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Sun Feb 10, 2013, 11:17 AM

Today NASCAR is touting an African-American on the front page as their shining star in their drive

for diversity program.


A single Black man.



Progress?



http://www.nascar.com/en_us/sprint-cup-series.html


The program, now in its 11th season, seeks to provide opportunities for minorities and women to participate in NASCAR.


11 years. One driver makes it to the big leagues (Truck series, which is the minor leagues). Sad.

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Reply Today NASCAR is touting an African-American on the front page as their shining star in their drive (Original post)
DainBramaged Feb 2013 OP
Berserker Feb 2013 #1
FSogol Feb 2013 #20
Peregrine Feb 2013 #2
Eleanors38 Feb 2013 #3
Norbert Feb 2013 #5
Eleanors38 Feb 2013 #22
FarCenter Feb 2013 #4
Buzz Clik Feb 2013 #6
madville Feb 2013 #8
madville Feb 2013 #7
HooptieWagon Feb 2013 #9
ChisolmTrailDem Feb 2013 #10
HipChick Feb 2013 #11
Igel Feb 2013 #12
DainBramaged Feb 2013 #16
HipChick Feb 2013 #17
DainBramaged Feb 2013 #18
NCTraveler Feb 2013 #23
Mopar151 Feb 2013 #13
dizbukhapeter Feb 2013 #14
MrScorpio Feb 2013 #15
benld74 Feb 2013 #19
FSogol Feb 2013 #21
Myrina Feb 2013 #24
Taverner Feb 2013 #25
DainBramaged Feb 2013 #27
Dawson Leery Feb 2013 #26

Response to DainBramaged (Original post)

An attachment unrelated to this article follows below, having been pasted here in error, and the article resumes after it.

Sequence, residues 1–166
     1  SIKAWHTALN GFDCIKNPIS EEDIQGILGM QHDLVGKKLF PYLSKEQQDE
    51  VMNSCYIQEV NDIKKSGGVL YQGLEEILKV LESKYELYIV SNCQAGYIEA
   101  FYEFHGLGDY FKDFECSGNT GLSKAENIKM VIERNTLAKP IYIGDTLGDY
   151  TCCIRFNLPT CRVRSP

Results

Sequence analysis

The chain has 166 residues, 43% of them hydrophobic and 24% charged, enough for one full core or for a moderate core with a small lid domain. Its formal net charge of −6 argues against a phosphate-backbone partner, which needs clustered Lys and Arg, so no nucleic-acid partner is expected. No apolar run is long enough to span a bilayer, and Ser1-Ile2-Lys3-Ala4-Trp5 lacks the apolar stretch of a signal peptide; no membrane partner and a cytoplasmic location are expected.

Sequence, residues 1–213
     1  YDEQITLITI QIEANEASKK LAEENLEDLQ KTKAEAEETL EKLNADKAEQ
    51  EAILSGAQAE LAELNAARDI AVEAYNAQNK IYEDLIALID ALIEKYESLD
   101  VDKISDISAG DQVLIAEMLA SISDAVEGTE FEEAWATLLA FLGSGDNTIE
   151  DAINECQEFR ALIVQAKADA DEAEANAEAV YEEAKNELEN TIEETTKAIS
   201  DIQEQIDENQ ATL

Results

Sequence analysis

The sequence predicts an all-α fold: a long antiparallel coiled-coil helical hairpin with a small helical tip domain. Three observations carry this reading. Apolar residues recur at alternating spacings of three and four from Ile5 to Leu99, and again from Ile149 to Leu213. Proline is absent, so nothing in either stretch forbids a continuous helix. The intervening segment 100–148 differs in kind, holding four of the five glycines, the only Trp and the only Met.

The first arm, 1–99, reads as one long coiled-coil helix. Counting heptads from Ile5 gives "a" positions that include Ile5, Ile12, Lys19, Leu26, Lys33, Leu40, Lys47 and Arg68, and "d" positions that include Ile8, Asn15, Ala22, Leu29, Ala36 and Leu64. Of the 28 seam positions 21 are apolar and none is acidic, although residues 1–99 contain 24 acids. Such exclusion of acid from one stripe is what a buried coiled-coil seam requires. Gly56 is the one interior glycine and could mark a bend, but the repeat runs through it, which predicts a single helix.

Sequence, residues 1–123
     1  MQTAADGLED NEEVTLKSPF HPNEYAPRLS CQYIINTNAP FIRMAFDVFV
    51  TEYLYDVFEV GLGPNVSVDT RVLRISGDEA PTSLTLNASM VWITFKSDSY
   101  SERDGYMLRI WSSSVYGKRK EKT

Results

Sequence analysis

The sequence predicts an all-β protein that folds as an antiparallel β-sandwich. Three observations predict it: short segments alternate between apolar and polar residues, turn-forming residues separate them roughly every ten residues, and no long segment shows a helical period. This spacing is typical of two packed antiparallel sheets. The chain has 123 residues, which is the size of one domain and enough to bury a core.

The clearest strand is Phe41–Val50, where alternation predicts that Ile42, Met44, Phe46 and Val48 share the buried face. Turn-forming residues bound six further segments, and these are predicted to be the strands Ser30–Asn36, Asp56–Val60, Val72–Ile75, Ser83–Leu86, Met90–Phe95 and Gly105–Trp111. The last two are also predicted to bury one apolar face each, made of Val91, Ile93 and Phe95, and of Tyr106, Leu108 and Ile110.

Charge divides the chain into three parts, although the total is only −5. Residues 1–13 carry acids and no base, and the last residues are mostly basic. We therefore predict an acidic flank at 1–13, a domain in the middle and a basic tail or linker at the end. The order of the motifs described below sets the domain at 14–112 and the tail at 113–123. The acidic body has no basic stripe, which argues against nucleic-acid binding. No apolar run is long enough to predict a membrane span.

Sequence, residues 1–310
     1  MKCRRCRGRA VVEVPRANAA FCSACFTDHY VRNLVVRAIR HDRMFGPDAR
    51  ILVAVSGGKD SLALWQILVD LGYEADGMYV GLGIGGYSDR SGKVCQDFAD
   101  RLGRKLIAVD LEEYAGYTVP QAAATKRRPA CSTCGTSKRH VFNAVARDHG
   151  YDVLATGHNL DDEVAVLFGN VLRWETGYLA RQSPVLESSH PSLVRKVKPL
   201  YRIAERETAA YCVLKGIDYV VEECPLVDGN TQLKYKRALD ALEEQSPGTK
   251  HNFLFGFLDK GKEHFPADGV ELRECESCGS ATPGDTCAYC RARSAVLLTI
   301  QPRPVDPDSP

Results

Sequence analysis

Sun Feb 10, 2013, 11:38 AM

1. Do you think

 

That Nascar has job fairs? So any minority just has to fill out an application? The drivers start out racing go karts when they are children and race all there lives to even have a shot at driving if they are good enough.
Talk about sad. Why no African American hockey players? Or ask Michael Phelps if he just decided to one day fill out and app to be and Olympic swimmer and if he did how many African American swimmers did he beat out to have a shot?

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Response to Berserker (Reply #1)

Sun Feb 10, 2013, 06:00 PM

20. There are currently 28 African/African American players in the NHL. n/t

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Response to DainBramaged (Original post)

Sun Feb 10, 2013, 11:38 AM

2. Take a look at the other major series

F1, Indy, WRC... How many minorities? Hamilton in F1. Who else? NASCAR is a big money operation. If you have the talent and sellable then you will get a chance. Sellable is the issue.

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Response to DainBramaged (Original post)

Sun Feb 10, 2013, 11:39 AM

3. Part of the reason may be the money/capital investment requured.

Not the only reason, but even at the level of dirt track round-n-rounds, one usually needs some serious capital investment; a garage, salvage yard, parts house. And with these come serious trade skills; welding, alignment, fabrication. All this before you get around to sponsorships from "Joe's Deli," and "Lou Ann's Nails."

That said, there was at least one African-American on, I believe, the stock car circuit in the 60s, bout the time women became involved.

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Response to Eleanors38 (Reply #3)

Sun Feb 10, 2013, 12:10 PM

5. Wendell Scott was the driver in the '60s